The Future of LGBTQ Human Rights in the Women, Peace and Security Agenda

Participants of a townhall meeting held as part of the sixty-third session of the Commission on the Status of Women. (UN Photo/Ryan Brown)

As we approach the 20-year anniversary of Security Council Resolution 1325—the first resolution on women, peace, and security (WPS)—those committed to a gender perspective in peace and security work are faced with a time for reflection on where the agenda has gone and where it may go in the future. This presents an opportunity for considering how the next generation of WPS programs can include an awareness of the varied sexual orientations and gender identities (SOGI) of women in conflict around the world.

Although neither Resolution 1325 nor any of the subsequent WPS resolutions explicitly mention LGBTQ individuals, civil society actors have been campaigning to bring attention to lesbian, bisexual, transgender, and queer women in WPS projects. Paying attention to these individuals is important for moving past policies that default to the needs of cisgender, heterosexual women. Civil society actors are finding new ways to pursue alliances and work in coalitions in an environment that is increasingly hostile to those working for gender equality. By working with those individuals and organizations committed to LGBTQ human rights in the international arena, WPS programs can reflect a more complex understanding of gender.

A gender perspective that accounts for queer women, too

Despite the lack of language on LGBTQ individuals or SOGI in WPS resolutions, there is a growing movement toward this more expansive understanding of gender. This is evident in the move by some to refer to the project as “gender, peace, and security” rather than “women, peace, and security.” Arguing for such a shift, Jessica Stern, the executive director of the LGBTQ human rights organization Outright Action International, together with Lisa Davis of MADRE, a women’s rights NGO, writes that “a broader interpretation of gender builds coalitions across the women’s and LGBTQ movements, which amount to a larger movement committed to ending violence against individuals for defying traditionally ascribed gender roles. This broader understanding within the WPS framework also helps strengthen the concept of gender equality and underscores the need to address long-standing gender-based violence and discrimination in transitional justice and peace-building processes.” This work is already happening, and in late 2018, Outright joined the NGO Working Group for WPS, a coalition of over a dozen international NGOs working to advance the WPS agenda at the UN and around the world. This is the first time an organization focused specifically on LGBTQ rights has joined the working group.

Reflecting this shift, there are several ways that sexual minorities have received attention in WPS spaces. One of these is peace processes. The Colombian peace process is often held up as an example for future peace processes because the negotiations had a gender subcommittee that included the LGBTQ organizations Caribe Afirmativo and Colombia Diversa. The final peace agreement also included numerous references to LGBTQ populations. While this demonstrated an unusually intersectional gender perspective compared to previous peace processes, the Colombian peace process was not the first to account for LGBTQ communities. As José Alvarado Cóbar, Emma Bjertén-Günther, and Yeonju Jung note in a report about gender perspectives in peace processes, “Although to a lesser degree than the Colombian peace agreement, some clauses found in the Mindanao peace agreements tackle the issue of women’s protection and address the special needs of women and other gender identity groups.”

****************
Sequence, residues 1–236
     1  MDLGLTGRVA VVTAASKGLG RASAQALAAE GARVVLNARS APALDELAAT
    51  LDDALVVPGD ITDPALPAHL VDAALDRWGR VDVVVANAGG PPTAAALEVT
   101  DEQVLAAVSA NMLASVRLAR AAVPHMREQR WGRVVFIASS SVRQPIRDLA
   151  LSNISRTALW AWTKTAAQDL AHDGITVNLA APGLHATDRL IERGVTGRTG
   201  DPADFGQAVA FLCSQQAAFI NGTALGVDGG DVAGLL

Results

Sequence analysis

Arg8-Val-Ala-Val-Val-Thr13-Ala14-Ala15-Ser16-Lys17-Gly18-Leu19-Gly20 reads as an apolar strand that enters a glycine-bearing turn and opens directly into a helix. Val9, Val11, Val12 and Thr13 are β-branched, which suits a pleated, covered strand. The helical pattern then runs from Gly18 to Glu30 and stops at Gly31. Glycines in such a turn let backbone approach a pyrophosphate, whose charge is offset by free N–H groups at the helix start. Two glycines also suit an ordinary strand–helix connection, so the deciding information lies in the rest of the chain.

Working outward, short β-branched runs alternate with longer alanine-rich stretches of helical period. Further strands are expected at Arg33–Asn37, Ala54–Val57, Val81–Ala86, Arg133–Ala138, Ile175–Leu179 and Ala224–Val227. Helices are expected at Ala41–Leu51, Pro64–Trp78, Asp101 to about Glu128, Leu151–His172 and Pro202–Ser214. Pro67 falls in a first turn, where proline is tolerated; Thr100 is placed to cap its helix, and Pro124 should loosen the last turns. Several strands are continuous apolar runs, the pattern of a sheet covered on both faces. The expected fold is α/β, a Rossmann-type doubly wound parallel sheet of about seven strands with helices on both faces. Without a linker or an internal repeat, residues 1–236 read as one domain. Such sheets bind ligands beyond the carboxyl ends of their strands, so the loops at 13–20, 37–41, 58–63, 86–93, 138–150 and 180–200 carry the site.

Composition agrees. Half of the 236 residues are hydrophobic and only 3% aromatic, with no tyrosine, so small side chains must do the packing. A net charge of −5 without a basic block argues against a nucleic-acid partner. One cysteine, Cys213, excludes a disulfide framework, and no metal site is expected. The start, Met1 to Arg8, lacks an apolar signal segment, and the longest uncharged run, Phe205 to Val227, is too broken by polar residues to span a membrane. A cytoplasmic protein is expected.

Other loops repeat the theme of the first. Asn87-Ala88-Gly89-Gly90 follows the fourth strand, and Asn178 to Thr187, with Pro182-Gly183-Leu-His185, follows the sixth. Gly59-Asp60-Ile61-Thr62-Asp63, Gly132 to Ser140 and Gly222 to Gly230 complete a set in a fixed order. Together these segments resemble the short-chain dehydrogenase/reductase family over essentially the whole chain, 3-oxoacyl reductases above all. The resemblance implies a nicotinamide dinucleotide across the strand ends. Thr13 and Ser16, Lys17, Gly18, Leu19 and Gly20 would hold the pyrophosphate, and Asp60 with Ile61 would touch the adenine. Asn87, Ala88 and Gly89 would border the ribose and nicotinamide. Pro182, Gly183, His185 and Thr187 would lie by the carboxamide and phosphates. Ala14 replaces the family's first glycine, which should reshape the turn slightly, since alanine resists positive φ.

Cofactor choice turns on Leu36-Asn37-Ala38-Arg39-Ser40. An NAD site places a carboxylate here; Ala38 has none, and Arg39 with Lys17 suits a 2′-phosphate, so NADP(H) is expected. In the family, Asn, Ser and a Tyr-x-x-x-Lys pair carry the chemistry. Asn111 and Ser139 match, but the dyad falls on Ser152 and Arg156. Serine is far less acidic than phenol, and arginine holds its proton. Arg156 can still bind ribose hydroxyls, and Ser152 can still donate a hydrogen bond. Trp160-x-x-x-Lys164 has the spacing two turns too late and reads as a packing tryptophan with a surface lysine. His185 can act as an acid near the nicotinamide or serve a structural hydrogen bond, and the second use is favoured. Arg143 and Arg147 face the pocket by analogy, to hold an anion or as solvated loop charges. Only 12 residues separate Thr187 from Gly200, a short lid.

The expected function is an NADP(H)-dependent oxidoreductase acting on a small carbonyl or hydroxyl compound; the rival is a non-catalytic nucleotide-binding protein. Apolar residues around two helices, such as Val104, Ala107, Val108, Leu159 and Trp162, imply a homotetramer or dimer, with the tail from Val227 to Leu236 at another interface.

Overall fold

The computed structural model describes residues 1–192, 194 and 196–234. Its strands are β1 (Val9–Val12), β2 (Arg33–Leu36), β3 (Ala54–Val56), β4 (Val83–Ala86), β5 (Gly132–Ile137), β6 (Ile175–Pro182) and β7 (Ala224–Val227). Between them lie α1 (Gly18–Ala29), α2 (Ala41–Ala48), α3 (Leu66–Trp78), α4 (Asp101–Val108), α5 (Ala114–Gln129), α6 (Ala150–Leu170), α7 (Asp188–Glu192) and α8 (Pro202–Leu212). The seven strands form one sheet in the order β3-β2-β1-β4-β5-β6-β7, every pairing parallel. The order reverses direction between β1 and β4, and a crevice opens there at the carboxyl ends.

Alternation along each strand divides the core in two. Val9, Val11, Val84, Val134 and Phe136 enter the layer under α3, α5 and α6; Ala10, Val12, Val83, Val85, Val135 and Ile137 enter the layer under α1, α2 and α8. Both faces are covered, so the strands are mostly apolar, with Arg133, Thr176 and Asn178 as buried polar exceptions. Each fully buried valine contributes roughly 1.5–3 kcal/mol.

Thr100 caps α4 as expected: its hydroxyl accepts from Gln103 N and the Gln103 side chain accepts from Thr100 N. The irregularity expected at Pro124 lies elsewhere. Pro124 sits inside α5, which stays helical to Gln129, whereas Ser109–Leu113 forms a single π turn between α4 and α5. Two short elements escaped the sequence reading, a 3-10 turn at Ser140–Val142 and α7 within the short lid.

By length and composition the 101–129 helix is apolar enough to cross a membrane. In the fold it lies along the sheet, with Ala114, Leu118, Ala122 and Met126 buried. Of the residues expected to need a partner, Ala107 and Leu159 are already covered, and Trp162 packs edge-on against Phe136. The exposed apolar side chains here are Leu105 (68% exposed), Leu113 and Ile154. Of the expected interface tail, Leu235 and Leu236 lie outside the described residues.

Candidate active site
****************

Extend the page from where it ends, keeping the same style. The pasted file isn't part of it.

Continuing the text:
But the peace deal is only the beginning. Human rights defenders often face significant threats following the signing of a peace deal with over 100 defenders killed in Colombia in 2018. As such, members of a panel on intersectionality in peacebuilding at this year’s Forum on Peace and Development recommended “institutionaliz[ing] mechanisms to ensure that inclusion is continuous during the implementation phase after the agreement is signed.”

While the move to include language about LGBTQ individuals in peace deals is important, it also requires financial, organizational, and political backing by WPS programs. This support might include establishing best practices for documenting and responding to homophobic violence or supporting transgender people to get documentation that matches their gender identity. To mobilize such support, panelists at the Forum on Peace and Development also recommended “continuously emphasiz[ing] the grievances and concerns of the LGBTQ community and other neglected groups particularly at higher political levels.”

Another space where civil society actors have drawn attention to LGBTQ human rights is the national action plans developed to implement Resolution 1325. In these documents, states define what specific actions they plan to take to implement the WPS resolutions, including what security concerns they will prioritize. For example, Canada’s 2017–2022 national action plan specifically pledges to pay attention to LGBTQ+ refugees and asylum seekers. The plan states that the Immigration and Refugee Board of Canada will “promote greater understanding of cases involving sexual orientation and gender identity and expression, and the harm individuals may face due to their non-conformity with socially accepted norms.” This focus on asylum illustrates how national action plans offer an opportunity for states to draw attention to LGBTQ human rights not just in foreign policy but also in domestic policy.